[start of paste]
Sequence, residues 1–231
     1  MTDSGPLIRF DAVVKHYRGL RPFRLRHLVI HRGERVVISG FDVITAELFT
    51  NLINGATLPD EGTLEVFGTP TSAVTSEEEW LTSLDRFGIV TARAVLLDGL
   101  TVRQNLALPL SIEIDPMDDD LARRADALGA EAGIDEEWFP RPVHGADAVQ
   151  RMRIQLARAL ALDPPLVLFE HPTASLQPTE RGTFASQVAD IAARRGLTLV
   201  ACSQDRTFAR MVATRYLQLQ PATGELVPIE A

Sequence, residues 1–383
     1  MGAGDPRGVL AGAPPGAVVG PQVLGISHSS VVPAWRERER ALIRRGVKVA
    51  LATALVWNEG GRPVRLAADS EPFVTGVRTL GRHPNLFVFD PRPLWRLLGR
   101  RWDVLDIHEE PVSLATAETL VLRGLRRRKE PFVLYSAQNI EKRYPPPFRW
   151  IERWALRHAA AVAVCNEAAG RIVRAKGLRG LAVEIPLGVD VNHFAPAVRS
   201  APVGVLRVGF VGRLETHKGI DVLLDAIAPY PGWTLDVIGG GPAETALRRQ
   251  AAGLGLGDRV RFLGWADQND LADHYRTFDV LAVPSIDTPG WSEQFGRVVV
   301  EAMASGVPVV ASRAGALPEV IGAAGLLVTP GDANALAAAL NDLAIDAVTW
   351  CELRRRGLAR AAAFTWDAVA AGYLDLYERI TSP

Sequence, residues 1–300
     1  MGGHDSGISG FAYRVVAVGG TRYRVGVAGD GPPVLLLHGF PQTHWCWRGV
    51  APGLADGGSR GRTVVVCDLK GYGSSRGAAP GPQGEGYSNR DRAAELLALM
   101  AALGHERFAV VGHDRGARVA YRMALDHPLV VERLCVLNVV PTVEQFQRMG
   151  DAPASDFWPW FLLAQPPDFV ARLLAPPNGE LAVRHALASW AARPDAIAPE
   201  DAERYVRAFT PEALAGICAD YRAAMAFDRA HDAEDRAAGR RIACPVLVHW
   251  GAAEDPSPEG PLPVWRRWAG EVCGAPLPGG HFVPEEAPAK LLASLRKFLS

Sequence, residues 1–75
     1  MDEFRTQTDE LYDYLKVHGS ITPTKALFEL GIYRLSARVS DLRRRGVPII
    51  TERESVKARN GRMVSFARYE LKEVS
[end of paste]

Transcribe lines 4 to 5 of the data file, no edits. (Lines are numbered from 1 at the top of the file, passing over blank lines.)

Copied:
   101  TVRQNLALPL SIEIDPMDDD LARRADALGA EAGIDEEWFP RPVHGADAVQ
   151  RMRIQLARAL ALDPPLVLFE HPTASLQPTE RGTFASQVAD IAARRGLTLV